Doctors Community Hospital is offering a free diabetes support group the third Monday of each month from 6 p.m. to 7 p.m.
The Joslin Circle is a support group for people who have diabetes and their families. Within a relaxed environment, participants can share their diabetes experiences and learn how to better manage it.
When: Third Monday of the Month; 6 p.m. – 7:30 p.m.
Where: Doctors Community Hospital
8100 Good Luck Road; North Building; 5th Floor
Lanham, Maryland 20706
RSVP: 301-DCH-4YOU or 301-324-4968
Diabetes affects 25.8 million people or 8.3 percent of the U.S. population. In fact, among Prince George’s County residents, those who have diabetes have a high rate of related emergency department visits. While many people have diabetes, some have challenges managing it. Education and support can help people better understand how diabetes works, the potential complications and management strategies.
Diabetes is a disease in which the body is unable to properly use and store glucose (a form of sugar). Glucose accumulates in the bloodstream, causing blood glucose or blood sugar levels to rise too high. There are two types of diabetes:
· Type 1 diabetes—the body completely stops producing any insulin, a hormone that enables the body to process the glucose found in food. People with type 1 diabetes must take daily insulin injections. This form of diabetes usually develops in children or young adults.
· Type 2 diabetes—results when the body doesn’t produce enough insulin and/or is unable to use insulin properly (insulin resistance). This form of diabetes usually occurs in people who are ages 40 or older, overweight and have a family history of diabetes.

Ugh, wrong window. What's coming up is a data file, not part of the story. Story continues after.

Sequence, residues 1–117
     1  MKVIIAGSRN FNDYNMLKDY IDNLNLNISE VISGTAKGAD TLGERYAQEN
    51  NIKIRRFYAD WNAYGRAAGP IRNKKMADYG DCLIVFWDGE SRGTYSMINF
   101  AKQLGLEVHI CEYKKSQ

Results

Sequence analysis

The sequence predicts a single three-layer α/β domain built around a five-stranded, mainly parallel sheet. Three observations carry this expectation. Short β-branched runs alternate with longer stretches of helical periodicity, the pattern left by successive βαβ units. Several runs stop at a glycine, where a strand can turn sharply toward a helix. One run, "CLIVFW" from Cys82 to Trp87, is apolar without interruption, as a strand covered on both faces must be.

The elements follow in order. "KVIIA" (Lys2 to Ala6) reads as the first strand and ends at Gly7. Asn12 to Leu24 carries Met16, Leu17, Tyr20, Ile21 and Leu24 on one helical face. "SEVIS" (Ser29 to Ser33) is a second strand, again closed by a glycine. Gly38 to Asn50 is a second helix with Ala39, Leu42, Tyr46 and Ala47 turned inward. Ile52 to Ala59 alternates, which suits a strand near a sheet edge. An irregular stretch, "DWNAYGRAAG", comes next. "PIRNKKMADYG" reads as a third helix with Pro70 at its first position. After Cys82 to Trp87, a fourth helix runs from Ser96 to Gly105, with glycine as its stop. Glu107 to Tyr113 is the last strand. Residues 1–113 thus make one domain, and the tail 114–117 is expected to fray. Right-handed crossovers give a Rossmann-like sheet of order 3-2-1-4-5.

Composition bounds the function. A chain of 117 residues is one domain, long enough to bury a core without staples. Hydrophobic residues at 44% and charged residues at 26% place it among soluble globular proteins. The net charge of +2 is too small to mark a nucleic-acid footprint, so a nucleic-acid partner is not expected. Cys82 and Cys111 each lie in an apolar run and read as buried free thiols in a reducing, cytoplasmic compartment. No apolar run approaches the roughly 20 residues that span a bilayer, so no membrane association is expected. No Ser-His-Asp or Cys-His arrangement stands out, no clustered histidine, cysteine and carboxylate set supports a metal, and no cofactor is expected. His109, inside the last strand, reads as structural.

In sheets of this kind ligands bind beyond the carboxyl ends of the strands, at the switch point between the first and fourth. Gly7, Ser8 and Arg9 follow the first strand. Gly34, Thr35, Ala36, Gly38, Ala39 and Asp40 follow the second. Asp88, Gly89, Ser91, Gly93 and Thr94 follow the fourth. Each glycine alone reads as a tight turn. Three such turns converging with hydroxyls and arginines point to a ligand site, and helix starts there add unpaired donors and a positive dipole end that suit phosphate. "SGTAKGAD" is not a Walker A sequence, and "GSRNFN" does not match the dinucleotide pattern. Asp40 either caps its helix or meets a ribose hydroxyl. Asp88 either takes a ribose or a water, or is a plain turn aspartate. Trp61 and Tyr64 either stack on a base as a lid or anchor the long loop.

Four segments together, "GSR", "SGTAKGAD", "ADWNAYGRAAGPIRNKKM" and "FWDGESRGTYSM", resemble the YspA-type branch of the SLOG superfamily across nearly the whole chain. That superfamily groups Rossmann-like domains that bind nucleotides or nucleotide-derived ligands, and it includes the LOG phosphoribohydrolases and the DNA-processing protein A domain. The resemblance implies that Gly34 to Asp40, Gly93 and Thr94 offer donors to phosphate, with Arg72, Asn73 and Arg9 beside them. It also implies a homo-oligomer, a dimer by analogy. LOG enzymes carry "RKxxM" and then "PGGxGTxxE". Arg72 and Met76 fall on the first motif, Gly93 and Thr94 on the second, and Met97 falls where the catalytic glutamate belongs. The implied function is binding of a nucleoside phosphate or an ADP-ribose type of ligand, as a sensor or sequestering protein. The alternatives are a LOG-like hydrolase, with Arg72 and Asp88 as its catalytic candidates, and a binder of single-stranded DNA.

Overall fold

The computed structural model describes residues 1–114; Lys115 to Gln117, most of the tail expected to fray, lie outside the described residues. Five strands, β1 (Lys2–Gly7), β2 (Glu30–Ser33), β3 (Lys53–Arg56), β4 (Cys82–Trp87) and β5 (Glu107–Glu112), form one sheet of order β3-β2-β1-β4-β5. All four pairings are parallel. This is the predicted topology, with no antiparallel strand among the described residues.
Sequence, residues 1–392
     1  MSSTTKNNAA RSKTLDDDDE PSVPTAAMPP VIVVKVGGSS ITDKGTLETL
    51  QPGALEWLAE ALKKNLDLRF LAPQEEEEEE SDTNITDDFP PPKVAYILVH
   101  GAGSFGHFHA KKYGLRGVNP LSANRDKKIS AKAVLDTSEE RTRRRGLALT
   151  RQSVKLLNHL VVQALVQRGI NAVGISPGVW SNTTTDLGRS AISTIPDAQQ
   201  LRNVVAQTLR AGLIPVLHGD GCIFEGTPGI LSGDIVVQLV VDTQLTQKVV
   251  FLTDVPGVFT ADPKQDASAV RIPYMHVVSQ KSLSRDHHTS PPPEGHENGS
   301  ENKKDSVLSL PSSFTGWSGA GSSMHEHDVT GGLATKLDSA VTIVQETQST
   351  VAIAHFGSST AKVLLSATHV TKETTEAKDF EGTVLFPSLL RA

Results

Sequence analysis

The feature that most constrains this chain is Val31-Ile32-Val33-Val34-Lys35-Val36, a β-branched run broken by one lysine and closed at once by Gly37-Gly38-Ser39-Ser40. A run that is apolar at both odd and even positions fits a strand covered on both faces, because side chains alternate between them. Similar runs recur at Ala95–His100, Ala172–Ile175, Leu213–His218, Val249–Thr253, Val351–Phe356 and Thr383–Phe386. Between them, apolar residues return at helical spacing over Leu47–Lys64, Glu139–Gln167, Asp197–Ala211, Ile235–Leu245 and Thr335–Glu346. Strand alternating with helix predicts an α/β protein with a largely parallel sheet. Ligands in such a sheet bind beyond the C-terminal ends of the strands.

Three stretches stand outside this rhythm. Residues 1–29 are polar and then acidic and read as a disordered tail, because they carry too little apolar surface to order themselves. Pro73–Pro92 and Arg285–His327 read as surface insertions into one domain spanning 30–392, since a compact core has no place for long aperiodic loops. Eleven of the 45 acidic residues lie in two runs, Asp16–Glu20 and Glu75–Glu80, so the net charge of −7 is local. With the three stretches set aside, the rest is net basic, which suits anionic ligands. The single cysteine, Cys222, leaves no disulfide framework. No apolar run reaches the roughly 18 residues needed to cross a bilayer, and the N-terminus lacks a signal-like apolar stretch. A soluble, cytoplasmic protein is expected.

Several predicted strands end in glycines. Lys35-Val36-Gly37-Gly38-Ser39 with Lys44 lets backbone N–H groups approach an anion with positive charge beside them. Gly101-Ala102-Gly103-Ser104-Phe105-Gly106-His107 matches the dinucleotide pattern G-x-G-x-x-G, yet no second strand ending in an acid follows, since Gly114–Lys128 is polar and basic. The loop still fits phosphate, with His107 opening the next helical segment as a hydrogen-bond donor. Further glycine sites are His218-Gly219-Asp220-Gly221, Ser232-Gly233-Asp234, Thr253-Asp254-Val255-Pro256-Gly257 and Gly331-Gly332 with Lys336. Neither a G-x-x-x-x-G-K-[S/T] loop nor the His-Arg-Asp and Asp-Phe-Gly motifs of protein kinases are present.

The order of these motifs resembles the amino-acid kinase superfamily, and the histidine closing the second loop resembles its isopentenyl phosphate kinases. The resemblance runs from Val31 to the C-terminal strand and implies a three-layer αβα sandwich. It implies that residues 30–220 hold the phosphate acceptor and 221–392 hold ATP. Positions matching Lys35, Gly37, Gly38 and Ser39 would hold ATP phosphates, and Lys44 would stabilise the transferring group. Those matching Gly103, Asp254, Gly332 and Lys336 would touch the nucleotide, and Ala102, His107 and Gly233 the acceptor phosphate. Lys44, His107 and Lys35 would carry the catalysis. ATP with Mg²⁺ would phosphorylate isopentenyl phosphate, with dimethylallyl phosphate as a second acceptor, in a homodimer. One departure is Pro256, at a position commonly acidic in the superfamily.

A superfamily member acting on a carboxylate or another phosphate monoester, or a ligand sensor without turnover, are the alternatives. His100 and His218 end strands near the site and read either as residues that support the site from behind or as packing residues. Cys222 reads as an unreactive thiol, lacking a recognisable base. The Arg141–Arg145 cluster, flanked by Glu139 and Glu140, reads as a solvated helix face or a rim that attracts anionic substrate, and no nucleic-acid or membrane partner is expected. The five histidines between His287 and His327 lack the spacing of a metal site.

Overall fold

People who have diabetes frequently experience many of these symptoms:
· Extreme thirst
· Frequent urination
· Unexplained weight loss
· Increased hunger
· Blurry vision
· Tingling numbness in hands or feet
· Frequent skin, bladder or gum infections
· Wounds that don’t heal
· Extreme fatigue
People who experience these symptoms should speak with their primary care physicians. In some cases, diabetes might not produce any symptoms or they come on so gradually that they may not be recognized; this happens occasionally with type 2 diabetes.
Poorly managed diabetes can lead to a host of long-term complications—among these are heart attacks, strokes, blindness, kidney failure and blood vessel disease that may require an amputation or cause nerve damage and impotence in men.
There are certain things that everyone who has diabetes needs to do to be healthy:
· Follow a meal (eating) plan to get the right nutrients.
· Develop a physical activity plan, which can help the body process insulin by converting glucose into energy for cells.
· Visit a physician specialist (an endocrinologist or a diabetologist) at least once every six months. Also, meet with other members of the diabetes treatment team, including a diabetes nurse educator and a dietitian—who will help with the development of meal plans.
· Take medications as prescribed by a doctor. Some people who have type 2 diabetes take pills called “oral agents,” which help their bodies produce more insulin or better use the insulin they are producing. Others can manage type 2 diabetes through exercise and diet alone.
· Have yearly eye exams by an ophthalmologist to make sure that any optical problems associated with diabetes are caught early and treated before they become serious.
· Monitor blood glucose levels daily to determine how well the meal plans, activity plans and medications are working to keep blood glucose levels in a normal range.
For more information, please call 301-DCH-4YOU or 301-DCH-4968.